Alcohol Use Disorders (59) Do health workers have adequate knowledge to prevent and manage alcohol use disorders? (4) What health workers need to know

17 February, 2024

Dear friends, [*see note below]

Now, I would like to comment about a number of evidence-based practices that can improve the care of patients with alcohol problems, including alcohol use disorder (AUD), that should be taught to all health professionals, especially those at the Primary Care Level:

1. Strategies to manage stigma. Both that of the patient themselves (self-stigma) and that of the health professional towards the person with AUD. Of course, if this stigma exists, the HCP must first identify and become aware of it.

The second step would be to change the “language” used in interacting with these people, avoiding the words alcoholic, alcoholism and replacing them with alcohol use disorders. This can already facilitate interaction and encourage patient openness.

2. Using simple tools to detect people with alcohol consumption problems, such as:

- The Alcohol Use Disorders Identification Test–Consumption (AUDIT-C) that consists of three questions related to drinking frequency and quantity

- The NIAAA Single Alcohol Screening Question (SASQ) , where you have to ask “How many times in the past year have you had (4 for women, or 5 for men) or more drinks in a day?” A response of one or more warrants follow-up. Before asking the SASQ, you can ask for a prescreen along the lines of “How often did you have a drink containing alcohol in the past year?”

- Routinely integrating an Alcohol Symptom Checklist [PDF – 147.8 KB] into primary care may make it easier for healthcare professionals to hold comfortable, patient-centered, non-judgmental conversations about alcohol that help destigmatize AUD and its treatment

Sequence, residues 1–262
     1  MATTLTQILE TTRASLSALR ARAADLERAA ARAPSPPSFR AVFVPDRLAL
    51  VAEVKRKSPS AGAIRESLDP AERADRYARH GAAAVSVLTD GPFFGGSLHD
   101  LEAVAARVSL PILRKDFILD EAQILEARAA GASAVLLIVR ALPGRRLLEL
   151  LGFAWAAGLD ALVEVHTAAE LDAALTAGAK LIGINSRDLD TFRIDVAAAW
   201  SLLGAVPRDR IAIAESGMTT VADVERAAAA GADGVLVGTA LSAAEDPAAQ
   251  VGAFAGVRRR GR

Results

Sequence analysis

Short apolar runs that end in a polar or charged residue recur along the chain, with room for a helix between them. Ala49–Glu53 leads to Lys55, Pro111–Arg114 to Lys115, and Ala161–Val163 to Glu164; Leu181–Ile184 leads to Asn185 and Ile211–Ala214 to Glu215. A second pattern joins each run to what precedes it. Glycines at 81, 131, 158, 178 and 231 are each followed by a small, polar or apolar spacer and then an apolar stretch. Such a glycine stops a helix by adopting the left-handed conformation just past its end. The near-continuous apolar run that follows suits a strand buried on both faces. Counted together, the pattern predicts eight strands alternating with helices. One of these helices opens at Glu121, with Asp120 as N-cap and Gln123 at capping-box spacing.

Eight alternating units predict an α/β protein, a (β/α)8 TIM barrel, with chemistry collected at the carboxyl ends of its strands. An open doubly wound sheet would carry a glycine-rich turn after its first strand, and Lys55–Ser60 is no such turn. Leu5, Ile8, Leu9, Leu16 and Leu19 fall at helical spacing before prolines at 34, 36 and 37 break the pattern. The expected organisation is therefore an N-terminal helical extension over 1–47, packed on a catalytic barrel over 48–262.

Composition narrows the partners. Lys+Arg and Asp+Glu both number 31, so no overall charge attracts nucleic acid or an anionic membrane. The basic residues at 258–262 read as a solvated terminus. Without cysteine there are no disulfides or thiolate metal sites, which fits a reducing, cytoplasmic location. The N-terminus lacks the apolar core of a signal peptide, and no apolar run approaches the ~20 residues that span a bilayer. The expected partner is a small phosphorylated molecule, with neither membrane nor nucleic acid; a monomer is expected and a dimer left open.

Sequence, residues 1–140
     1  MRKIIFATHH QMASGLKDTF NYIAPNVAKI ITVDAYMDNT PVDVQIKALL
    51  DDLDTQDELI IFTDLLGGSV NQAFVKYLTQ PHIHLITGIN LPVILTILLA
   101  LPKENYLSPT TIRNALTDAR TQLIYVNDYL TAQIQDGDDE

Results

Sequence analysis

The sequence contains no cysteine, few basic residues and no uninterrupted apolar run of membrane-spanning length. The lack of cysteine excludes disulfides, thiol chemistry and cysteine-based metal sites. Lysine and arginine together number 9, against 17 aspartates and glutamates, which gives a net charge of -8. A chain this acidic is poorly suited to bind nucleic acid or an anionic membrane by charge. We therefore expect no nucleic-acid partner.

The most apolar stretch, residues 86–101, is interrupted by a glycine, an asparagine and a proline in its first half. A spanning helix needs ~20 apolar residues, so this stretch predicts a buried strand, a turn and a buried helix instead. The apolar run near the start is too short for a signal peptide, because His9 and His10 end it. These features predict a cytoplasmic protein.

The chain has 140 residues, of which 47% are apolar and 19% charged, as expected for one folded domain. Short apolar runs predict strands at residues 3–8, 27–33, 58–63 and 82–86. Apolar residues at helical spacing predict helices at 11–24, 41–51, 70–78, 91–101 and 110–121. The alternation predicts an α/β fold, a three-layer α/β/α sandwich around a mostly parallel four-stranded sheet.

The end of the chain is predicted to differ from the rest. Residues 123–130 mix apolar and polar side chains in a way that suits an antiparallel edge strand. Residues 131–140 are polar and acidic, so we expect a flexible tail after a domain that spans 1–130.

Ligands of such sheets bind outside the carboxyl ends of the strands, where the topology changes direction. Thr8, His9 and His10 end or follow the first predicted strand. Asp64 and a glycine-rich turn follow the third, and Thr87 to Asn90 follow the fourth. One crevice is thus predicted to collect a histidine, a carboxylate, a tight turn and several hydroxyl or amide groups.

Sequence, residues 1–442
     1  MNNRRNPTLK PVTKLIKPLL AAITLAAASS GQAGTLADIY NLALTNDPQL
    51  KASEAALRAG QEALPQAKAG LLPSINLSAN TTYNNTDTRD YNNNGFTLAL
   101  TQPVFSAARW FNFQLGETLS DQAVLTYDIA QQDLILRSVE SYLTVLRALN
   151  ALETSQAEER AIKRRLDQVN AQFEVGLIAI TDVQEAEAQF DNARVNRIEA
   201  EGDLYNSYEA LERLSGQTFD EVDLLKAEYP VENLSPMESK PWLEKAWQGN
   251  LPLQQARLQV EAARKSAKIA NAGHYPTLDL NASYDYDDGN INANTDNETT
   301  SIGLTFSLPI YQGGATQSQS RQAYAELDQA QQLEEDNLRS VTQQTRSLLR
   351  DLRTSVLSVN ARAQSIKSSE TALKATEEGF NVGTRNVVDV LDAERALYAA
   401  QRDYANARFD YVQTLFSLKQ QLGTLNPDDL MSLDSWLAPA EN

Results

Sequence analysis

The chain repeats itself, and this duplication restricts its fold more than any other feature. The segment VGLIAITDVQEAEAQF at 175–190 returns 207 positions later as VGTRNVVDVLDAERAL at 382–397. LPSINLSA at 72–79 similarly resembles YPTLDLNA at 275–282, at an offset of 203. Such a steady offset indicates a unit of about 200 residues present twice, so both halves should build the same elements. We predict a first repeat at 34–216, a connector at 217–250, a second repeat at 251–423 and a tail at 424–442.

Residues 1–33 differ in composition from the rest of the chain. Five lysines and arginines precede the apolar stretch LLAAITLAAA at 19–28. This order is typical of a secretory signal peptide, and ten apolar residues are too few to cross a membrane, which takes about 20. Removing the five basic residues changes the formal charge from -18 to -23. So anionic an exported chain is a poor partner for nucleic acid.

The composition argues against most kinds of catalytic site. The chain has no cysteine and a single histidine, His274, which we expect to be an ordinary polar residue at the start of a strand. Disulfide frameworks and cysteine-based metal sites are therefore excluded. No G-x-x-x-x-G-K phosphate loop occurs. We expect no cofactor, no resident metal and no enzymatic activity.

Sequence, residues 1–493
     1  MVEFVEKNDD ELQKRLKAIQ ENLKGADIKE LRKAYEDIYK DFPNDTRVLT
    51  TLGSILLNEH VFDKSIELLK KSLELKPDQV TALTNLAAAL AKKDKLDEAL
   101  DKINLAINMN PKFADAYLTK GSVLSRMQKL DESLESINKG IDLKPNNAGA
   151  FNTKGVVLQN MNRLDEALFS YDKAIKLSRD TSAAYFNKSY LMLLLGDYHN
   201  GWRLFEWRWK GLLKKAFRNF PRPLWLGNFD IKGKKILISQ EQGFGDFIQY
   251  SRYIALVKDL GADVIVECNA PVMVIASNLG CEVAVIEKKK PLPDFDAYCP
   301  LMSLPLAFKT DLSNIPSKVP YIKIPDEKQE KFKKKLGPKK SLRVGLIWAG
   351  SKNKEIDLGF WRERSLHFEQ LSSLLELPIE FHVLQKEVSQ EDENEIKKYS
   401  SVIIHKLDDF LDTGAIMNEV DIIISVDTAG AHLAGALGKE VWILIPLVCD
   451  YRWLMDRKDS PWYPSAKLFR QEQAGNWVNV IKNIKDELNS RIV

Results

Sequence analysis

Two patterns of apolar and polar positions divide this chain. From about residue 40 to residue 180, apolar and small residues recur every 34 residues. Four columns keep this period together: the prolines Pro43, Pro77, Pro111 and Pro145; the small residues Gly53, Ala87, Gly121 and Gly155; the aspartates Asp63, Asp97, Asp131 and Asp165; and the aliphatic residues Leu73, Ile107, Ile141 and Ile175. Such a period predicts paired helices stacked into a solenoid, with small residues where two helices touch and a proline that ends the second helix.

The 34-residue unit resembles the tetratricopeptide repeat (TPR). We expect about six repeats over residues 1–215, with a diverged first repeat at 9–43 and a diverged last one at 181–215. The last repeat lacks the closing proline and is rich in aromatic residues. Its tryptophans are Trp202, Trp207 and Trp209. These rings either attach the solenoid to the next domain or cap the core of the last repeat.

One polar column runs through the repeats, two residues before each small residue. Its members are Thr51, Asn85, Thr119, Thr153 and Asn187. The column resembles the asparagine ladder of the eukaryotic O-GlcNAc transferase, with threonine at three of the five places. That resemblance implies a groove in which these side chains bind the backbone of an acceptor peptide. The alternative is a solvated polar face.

Who should conduct screening?. Any healthcare professional in medical or mental health fields can easily screen for heavy drinking as part of a comprehensive assessment or health history. In primary care, teams that include nurses and other non-physician providers are increasingly used for alcohol screening.

3. After assessing for AUD, your next steps could be :

- For patients who drink heavily and do not have AUD: Offer brief advice. You can find some examples on how to provide Brief Advice in this links:

- For patients who have AUD: Advise abstinence and emphasize that it’s important to cut down gradually because suddenly stopping can result in alcohol withdrawal, which can be risky. Be cautious and consider the need for medically managed withdrawal. Again, if the patient is hesitant to abstain, then negotiate individualized drinking goals. If you don't feel secure to manage the patient and he/she accepts, refer to a specialized program.

4. Knowing and managing FDA-approved medications for AUD—naltrexone, acamprosate, or disulfiram—can help many patients reduce or quit drinking. Healthcare professionals at Primary Care Level can prescribe these non-addicting medications in primary care without specialized training, or can refer to a specialty prescriber


What do you think?

What else will you add to these basic steps?

Kind regards,


Dr. Eduardo Bianco

Director, Addiction Training Program for Health Professionals (ATHP)



HIFA profile: Eduardo Bianco is a medical doctor and Cardiologist, Certified Tobacco Cessation Expert with a Masters in Prevention and Treatment of Addictive Disorders. Currently, he is Chair of the World Heart Federation Tobacco Expert Group. Dr. Biancos research examines tobacco control and cessation, and he is a prominent member of several organizations that address tobacco control in Latin America. Dr. Bianco has worked for 25 years in Uruguay and Latin America to promote and train in smoking cessation treatment and tobacco control policies. He is also the former Regional Coordinator for the Americas of the Framework Convention Alliance and former Technical Director of the MOH Center for International Cooperation for Tobacco. ebianco AT

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